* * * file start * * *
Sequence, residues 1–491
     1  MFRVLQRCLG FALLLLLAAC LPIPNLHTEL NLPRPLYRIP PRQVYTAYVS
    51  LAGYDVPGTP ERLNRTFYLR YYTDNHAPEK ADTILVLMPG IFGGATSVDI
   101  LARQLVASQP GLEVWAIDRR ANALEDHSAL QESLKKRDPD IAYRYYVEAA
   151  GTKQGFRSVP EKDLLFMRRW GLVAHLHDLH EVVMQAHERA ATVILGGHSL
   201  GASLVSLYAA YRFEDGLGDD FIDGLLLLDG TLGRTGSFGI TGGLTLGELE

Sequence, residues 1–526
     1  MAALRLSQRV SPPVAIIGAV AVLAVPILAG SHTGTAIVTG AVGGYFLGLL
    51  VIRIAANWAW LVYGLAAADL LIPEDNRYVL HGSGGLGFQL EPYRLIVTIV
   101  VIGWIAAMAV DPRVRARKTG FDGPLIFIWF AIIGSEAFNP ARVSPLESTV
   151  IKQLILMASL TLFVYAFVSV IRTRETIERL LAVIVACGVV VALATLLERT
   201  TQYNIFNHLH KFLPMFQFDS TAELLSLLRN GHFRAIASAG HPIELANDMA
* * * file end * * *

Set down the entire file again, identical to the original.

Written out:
Sequence, residues 1–491
     1  MFRVLQRCLG FALLLLLAAC LPIPNLHTEL NLPRPLYRIP PRQVYTAYVS
    51  LAGYDVPGTP ERLNRTFYLR YYTDNHAPEK ADTILVLMPG IFGGATSVDI
   101  LARQLVASQP GLEVWAIDRR ANALEDHSAL QESLKKRDPD IAYRYYVEAA
   151  GTKQGFRSVP EKDLLFMRRW GLVAHLHDLH EVVMQAHERA ATVILGGHSL
   201  GASLVSLYAA YRFEDGLGDD FIDGLLLLDG TLGRTGSFGI TGGLTLGELE

Sequence, residues 1–526
     1  MAALRLSQRV SPPVAIIGAV AVLAVPILAG SHTGTAIVTG AVGGYFLGLL
    51  VIRIAANWAW LVYGLAAADL LIPEDNRYVL HGSGGLGFQL EPYRLIVTIV
   101  VIGWIAAMAV DPRVRARKTG FDGPLIFIWF AIIGSEAFNP ARVSPLESTV
   151  IKQLILMASL TLFVYAFVSV IRTRETIERL LAVIVACGVV VALATLLERT
   201  TQYNIFNHLH KFLPMFQFDS TAELLSLLRN GHFRAIASAG HPIELANDMA